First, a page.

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# Respiratory Acidosis Compensation Calculator

## Winters Formula For Metabolic Acidosis Compensation Calculator

Winters Formula for Metabolic Acidosis Compensation Calculator This Winters formula for metabolic acidosis compensation calculator checks metabolic and mixed acidosis cases and establishes the level of PCO2 compensation. Discover more about the formula used and the situations that require it below the form. How does this Winters formula for metabolic acidosis compensation calculator work? This is a tool designed to help clinicians and any medical personnel evaluate PCO2 compensation in connection with the level of bicarbonate [HCO3-]. The form is very simple to use and only requires inputting bicarbonate in mEq/L and press calculate. The result will be displayed as an interval with the lower and upper values of partial CO2 pressure in mmHg. The formula used by this metabolic acidosis compensation calculator is explained below: Which means the interval between: 1.5 x HCO3- + 6 and 1.5 x HCO3- + 10 As a rule of thumb, there is a 1.2 mmHg PCO2 reduction for every 1 mEq/L reduction of plasma bicarbonate but only to a minimum of 10 - 15 mmHg. Taking an example, it shows that in order to compensate for a plasma concentration of HCO3- of 9 mEq/L it would be required a partial pressure of Continue reading >>

1. lucid

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I'm a 28 yo male.
Weight: 235
BodyFat%: 12%
IGF-1: 231 ng/ml
Insulin (Fasting): 7.6 uIU/ml
Having bad cholesterol, I decided to switch to a very low-carb diet. I was <50g carb/day and was deep in ketosis for about 4 months. Big changes happened. Triglycerides went from 300-400 down to 80-95 (-70%). HDL went from 26->40 (+55%). LDL+VLDL went from 136 -> 130 (-4%). Lipid profiles (so far as I can tell), don't change that rapidly so I expect the results to improve over the next year.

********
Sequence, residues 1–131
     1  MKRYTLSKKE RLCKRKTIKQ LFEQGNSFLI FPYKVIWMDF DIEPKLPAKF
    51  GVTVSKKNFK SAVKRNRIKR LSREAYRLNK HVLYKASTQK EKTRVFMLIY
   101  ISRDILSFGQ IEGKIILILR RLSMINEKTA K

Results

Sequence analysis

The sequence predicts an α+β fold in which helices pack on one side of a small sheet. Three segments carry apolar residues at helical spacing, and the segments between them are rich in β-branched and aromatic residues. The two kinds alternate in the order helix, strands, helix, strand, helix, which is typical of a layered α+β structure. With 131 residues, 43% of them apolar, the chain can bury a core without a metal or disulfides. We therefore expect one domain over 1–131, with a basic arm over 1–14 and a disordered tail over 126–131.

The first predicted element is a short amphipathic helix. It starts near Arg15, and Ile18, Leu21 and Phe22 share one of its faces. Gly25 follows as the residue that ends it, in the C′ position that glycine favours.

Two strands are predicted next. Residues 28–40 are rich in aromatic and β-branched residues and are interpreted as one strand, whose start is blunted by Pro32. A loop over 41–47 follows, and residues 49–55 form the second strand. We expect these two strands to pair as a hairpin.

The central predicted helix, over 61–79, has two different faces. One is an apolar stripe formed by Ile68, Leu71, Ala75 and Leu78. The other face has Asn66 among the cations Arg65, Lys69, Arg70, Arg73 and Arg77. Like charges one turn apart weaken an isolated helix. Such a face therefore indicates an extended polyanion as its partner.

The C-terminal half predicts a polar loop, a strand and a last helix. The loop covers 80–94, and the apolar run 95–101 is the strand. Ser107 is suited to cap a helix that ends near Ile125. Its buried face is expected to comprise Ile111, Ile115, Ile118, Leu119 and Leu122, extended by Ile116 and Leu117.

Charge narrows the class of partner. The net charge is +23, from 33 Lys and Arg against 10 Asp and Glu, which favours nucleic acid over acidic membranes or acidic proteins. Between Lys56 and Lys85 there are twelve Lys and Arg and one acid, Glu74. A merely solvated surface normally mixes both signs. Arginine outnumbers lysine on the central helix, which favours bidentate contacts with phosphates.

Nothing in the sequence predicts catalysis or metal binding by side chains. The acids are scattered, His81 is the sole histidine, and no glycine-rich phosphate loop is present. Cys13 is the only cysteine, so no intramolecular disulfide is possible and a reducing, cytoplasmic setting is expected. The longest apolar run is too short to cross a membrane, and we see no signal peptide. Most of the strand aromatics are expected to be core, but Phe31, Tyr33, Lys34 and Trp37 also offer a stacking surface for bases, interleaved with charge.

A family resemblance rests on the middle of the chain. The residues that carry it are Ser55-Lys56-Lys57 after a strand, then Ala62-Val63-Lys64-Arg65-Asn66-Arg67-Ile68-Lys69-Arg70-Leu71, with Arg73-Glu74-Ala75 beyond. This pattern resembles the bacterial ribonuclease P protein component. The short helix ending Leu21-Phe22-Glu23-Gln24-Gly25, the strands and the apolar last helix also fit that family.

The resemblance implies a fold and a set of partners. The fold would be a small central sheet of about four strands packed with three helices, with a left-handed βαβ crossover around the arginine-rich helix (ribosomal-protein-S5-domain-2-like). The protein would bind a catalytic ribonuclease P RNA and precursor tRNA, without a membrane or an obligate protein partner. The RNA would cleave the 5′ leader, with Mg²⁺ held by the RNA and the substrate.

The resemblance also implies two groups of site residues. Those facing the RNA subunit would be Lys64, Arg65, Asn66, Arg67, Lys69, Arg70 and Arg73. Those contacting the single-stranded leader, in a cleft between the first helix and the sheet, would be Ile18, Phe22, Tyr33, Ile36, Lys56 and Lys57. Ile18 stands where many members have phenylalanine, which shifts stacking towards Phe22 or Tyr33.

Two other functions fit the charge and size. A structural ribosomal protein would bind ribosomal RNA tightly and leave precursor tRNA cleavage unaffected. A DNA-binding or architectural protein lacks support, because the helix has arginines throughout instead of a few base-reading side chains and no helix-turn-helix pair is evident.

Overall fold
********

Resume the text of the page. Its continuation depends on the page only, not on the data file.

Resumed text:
For the first time in my life, I have blood work that indicates I'm not at risk for diabetes or heart disease. In the "before" era, I was in OK shape (16% bf). I didnt drink sodas, eat dessert or candy etc. I ate normal 'balanced' meals that included rice, whole grain etc.. So I maybe I just had bad genetics, maybe thats why my bloodwork sucked. WELL, nurture > nature.
Now there are some downsides to being in ketosis:
1. Fatigue: You muscles lose all their glycogen stores and replace them with triacylglycerol - triacylglycerol isn't as oxygen efficient in its metabolism. This means that you can't excercise close to your aerobic threshhold for very long at all.
2. Insulin Resistence: When you first start going into ketosis, your fasting blood glucose is AMAZING. My fasting glucose went into the high seventies. However, prolonged ketosis causes insulin resistence & increased fasting blood glucose. By 4 months in my blood glucose was mid/high nineties. This isn't normal insulin resistence -> it exists to route all existing glucose to the brain instead of the muscles and is reversed once you start consuming carbs (oddly enough).